Biogen Idec has received approval from the US Food and Drug Administration (FDA) for its long-acting haemophilia B treatment Alprolix [Coagulation Factor IX (Recombinant), Fc Fusion Protein].
The drug is for the control and prevention of bleeding episodes, perioperative (surgical) management and routine prophylaxis in adults and children with haemophilia B.
According to Biogen Idec, the DNA derived haemophilia B therapy is clinically proven to reduce bleeding episodes with prophylactic (protective) infusions starting at least a week apart.
Developed using a process called Fc fusion, Alprolix is the first haemophilia therapy to show prolonged circulation in the body, which has been shown in adults and adolescents with haemophilia to extend the time between prophylactic infusions.
Biogen Idec chief executive officer George Scangos said FDA approval of Alprolix is a significant milestone for the hemophilia B community.
"Alprolix offers people with hemophilia B the ability to prevent or reduce bleeding episodes with prophylactic infusions starting at least a week apart," Scangos said.
"We believe this new therapy will help more people with hemophilia and their caregivers realise the benefits of this treatment approach."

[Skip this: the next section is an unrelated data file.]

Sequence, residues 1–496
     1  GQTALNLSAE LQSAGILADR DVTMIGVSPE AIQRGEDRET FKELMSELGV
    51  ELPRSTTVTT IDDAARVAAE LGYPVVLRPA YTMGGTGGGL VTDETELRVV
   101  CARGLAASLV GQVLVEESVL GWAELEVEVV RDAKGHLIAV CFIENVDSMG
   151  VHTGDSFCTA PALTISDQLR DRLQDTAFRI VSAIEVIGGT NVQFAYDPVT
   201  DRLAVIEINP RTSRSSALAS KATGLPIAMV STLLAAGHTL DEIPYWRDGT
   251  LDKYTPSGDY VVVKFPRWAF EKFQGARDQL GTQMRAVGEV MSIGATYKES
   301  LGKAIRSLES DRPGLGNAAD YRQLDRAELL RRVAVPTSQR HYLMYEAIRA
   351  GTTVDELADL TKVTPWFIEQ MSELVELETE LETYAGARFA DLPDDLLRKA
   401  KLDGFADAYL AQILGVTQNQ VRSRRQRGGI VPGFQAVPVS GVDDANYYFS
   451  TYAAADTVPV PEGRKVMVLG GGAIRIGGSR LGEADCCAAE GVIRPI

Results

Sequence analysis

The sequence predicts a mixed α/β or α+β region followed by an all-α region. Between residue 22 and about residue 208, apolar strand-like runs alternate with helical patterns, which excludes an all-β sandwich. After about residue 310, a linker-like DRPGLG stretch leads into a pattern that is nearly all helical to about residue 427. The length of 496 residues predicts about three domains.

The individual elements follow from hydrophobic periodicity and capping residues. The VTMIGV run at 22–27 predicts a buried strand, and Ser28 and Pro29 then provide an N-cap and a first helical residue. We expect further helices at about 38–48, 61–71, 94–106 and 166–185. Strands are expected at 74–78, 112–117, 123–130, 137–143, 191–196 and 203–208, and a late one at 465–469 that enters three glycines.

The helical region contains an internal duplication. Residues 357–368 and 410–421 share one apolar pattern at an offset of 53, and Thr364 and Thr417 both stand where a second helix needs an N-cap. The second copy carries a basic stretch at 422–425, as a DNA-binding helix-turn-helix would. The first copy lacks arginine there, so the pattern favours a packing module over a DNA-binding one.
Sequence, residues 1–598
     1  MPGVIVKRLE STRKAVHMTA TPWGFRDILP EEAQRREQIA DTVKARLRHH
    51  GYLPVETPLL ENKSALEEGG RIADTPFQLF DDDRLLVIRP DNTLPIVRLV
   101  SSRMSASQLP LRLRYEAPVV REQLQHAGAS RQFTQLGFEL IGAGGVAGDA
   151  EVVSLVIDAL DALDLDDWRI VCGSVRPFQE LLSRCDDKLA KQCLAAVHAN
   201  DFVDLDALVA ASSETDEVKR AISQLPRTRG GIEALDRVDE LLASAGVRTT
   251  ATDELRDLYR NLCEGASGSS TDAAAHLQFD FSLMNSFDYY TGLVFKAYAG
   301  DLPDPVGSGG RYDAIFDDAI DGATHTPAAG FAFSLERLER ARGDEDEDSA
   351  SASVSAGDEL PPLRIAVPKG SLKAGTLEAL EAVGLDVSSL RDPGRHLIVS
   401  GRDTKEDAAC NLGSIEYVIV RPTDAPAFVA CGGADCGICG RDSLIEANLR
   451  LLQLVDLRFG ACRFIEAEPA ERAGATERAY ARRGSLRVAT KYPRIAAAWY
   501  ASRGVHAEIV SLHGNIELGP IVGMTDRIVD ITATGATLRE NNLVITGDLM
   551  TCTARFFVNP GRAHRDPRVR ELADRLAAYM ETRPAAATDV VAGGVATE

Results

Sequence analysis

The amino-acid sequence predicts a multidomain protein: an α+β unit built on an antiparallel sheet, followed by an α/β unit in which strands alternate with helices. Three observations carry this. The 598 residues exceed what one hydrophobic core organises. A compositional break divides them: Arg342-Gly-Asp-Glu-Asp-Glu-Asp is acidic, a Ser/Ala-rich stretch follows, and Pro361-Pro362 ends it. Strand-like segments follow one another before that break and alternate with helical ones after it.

The company said that the National Hemophilia Foundation (NHF) recommends routine prophylaxis as optimal for the treatment of people with severe haemophilia.
The clinical studies have showed that people with severe haemophilia who follow this type of regimen experience fewer bleeding episodes and their related risks.
Hospital of the University of Pennsylvania assistant professor of medicine Patrick Fogarty said: "Alprolix addresses a critical need by allowing people with hemophilia B to maintain factor levels with prophylactic infusions once weekly or once every ten days."
The FDA approval is based on results from the global, Phase III B-LONG trial, as well as interim pharmacokinetic and safety data from the Phase III Kids B-LONG trial.
Results from the B-LONG trial showed that adults and adolescents with severe hemophilia B achieved prevention or reduction of bleeding episodes with prophylactic infusions at least a week apart.
The trial included two prophylaxis regimens; the weekly prophylaxis arm and the individualised-interval prophylaxis arm, when the dosing interval started at once every ten days.
Health Canada recently approved Alprolix for treatment of haemophilia B, while the drug is currently under review by regulatory authorities in several other countries, including Australia and Japan.
Common adverse reactions of Alprolix observed in the B-LONG trial were headaches and oral paresthesia.
Alprolix is expected to be commercially available to people with haemophilia B in the US in early May 2014.